Most neighbors declined to speak with reporters about the family. One who did would not give her name, said "they are good friends, a great family and great kids."


Bluffton police, SLED, THE Bluffton Township Fire District and the Sheriff's Office continued to search Bluffton High until the school day ended.

At about 12:20 p.m., the police perimeter around the school was taken down. At that point, students whose parents chose to pick up them did so and classes resumed.

The school remained on modified lockdown until school was out.

At 11 a.m., a modified lockdown was lifted at nearby H.E. McCracken Middle and Bluffton Elementary schools. The schools had been locked down as a precaution. Bluffton Middle, Pritchardville Elementary, Red Cedar Elementary and Michael C. Riley Elementary schools were also briefly placed on modified lockdown at the request of law enforcement, according to the school district.

Bluffton High parents were notified of the lockdown at about 10:45 a.m. via the district's School Messenger system, which sends audio messages via email or a phone call. The message said students were safe, and that law enforcement officials were at the school.

An email was sent to Bluffton Elementary and Bluffton Elementary Early Childhood Center parents just before 10 a.m. about the modified lockdowns at those schools.

"Your child is safe and sound in his/her classroom," it read. "All outside doors are LOCKED and being monitored. Students and staff are NOT allowed outside at this time. We will keep you posted."


One Bluffton High School student said that when the school was on a full lockdown, students were told to stay away from doors, and that lights in the building were turned off.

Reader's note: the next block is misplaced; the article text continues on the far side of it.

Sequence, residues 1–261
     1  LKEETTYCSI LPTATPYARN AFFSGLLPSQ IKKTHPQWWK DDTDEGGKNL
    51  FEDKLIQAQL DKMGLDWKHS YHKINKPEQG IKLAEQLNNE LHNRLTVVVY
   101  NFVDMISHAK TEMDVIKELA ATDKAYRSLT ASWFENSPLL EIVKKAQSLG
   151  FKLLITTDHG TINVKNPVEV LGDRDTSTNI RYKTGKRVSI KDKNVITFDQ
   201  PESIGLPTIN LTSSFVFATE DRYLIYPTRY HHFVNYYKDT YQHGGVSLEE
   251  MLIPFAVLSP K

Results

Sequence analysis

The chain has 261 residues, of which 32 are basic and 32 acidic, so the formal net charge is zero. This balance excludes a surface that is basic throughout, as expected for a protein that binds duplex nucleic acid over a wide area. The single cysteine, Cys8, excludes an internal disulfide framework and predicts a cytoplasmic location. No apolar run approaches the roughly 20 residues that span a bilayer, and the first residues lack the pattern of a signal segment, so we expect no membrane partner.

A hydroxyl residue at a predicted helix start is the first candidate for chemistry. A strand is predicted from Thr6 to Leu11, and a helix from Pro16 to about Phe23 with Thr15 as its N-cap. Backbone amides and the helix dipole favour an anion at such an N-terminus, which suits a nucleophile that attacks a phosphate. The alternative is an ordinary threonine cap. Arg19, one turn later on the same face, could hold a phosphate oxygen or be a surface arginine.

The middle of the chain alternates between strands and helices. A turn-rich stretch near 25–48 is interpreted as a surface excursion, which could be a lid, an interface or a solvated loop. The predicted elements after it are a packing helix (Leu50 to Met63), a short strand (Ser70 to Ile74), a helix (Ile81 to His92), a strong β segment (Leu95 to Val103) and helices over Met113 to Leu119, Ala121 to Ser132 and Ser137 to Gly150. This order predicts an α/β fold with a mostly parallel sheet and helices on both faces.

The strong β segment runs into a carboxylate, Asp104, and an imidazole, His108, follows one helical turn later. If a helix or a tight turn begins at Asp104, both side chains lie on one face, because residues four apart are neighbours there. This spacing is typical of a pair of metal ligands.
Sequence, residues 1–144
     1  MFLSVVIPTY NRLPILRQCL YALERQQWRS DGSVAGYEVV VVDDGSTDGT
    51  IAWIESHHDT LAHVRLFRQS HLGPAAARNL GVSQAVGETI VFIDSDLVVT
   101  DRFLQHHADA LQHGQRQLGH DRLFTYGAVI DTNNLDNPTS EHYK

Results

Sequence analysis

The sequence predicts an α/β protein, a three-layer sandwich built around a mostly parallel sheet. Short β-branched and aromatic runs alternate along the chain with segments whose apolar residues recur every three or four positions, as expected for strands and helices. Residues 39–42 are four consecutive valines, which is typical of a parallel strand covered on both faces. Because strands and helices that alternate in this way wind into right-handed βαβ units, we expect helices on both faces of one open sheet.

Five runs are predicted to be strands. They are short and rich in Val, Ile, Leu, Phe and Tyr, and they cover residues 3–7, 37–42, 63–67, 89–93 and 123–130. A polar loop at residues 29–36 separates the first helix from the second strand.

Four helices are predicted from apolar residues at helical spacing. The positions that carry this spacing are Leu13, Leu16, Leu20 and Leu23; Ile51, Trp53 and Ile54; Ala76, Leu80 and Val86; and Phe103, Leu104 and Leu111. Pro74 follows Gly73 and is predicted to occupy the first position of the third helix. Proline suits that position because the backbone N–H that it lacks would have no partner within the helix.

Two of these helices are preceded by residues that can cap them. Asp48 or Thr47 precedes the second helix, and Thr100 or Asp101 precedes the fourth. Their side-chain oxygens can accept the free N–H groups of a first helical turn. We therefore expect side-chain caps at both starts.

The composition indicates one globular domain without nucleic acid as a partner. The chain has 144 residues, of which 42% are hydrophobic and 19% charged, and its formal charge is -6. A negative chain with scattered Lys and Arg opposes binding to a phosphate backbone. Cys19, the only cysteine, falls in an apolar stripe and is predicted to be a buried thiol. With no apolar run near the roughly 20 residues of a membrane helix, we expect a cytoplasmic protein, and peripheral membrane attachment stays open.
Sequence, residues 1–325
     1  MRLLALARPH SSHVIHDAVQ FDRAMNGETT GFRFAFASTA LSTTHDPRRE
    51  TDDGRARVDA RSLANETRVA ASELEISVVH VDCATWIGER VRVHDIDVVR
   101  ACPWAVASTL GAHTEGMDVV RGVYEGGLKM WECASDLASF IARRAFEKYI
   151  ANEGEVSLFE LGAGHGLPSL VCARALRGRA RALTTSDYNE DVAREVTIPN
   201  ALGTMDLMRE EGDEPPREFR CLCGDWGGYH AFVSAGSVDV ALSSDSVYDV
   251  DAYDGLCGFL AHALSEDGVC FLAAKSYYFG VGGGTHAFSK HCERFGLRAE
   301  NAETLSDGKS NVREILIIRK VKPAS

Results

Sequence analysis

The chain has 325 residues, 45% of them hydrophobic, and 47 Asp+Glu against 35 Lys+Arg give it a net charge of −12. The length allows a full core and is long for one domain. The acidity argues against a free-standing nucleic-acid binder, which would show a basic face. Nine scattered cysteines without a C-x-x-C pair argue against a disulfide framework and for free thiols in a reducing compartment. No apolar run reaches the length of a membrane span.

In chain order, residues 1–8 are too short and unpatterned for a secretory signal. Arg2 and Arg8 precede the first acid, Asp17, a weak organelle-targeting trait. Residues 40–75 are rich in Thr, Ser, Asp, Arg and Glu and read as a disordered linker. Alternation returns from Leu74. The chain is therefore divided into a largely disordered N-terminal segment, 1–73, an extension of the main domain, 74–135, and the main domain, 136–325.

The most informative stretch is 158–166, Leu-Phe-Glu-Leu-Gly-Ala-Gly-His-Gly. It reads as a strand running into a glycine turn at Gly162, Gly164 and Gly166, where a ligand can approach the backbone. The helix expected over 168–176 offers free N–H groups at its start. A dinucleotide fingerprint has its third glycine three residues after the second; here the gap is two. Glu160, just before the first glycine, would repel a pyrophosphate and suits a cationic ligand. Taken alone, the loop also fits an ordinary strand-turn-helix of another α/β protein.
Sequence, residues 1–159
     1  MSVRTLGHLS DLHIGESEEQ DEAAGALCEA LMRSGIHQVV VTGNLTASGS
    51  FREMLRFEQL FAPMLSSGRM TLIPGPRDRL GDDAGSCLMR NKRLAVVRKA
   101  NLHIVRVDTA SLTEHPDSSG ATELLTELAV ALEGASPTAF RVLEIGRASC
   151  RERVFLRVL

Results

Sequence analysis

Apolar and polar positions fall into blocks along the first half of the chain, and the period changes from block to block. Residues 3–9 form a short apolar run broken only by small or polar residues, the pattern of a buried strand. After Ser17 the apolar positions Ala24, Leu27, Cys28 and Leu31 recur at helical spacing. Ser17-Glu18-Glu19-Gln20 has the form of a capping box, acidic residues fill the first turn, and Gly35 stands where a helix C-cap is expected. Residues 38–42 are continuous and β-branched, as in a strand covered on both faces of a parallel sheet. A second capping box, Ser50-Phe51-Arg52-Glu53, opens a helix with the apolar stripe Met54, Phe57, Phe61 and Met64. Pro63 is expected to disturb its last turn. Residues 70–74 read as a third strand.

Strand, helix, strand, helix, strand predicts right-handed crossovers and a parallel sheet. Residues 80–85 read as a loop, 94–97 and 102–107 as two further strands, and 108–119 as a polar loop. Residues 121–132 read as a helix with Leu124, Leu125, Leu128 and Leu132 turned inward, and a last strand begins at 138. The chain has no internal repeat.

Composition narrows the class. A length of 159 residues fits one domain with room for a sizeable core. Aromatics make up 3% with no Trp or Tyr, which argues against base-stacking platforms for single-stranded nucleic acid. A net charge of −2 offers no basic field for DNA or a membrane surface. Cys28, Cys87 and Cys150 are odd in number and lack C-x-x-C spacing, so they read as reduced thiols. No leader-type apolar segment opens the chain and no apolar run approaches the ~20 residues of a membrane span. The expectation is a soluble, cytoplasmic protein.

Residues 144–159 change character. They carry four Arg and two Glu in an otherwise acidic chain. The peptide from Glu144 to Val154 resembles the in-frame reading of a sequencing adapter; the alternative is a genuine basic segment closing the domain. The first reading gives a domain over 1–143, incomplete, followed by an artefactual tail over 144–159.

"They announced over the speakers that law enforcement was in the building and not to worry; they would keep us safe. But how (can you not) worry?" asked junior Allison Reinhardt, sobbing as her parents led her away from the school. "It was very scary."

Junior Madison Lanier, 16, said the first hour of the lockdown was "tense," but students calmed down once they received word that Almeida had been arrested and saw the handcuffed student being led away by officers.

Several worried parents gathered at a church parking lot across the street during the lockdown. A few prayed, and many texted back and forth with their children inside the school to confirm their safety.

"It's a horrible feeling as a parent when you send your kids to school and don't know if you'll see them again," Leslie Wilson said as she waited for the safety perimeter around the school to be lifted. "I want my daughter out, and it's a terrible feeling knowing she's in there and I can't get to her."

Another parent, Karyn Goldberg, questioned why school and police officials waited so long to lift the lockdown and let parents take their children home.

"We thank every student and their parents for their patience today," Reynolds, the Bluffton police chief, said in a news release. "Our job is to ensure a safe environment, and we realize there are moments of concern for everyone involved as we gather information. ... Today's incident also indicates our schools have effective procedures in place that produce safe, successful and positive outcomes."

District spokesman Jim Foster -- whose 18-year-old daughter was inside the school -- said the district will review school security plans, adding "we always look at a full range of options, and metal detectors would be one option to consider."

No one answered a number listed for Almeida's home Wednesday night. The voice mailbox was full and would not accept new messages.

Related content:

Video of fire truck arriving at Bluffton High School: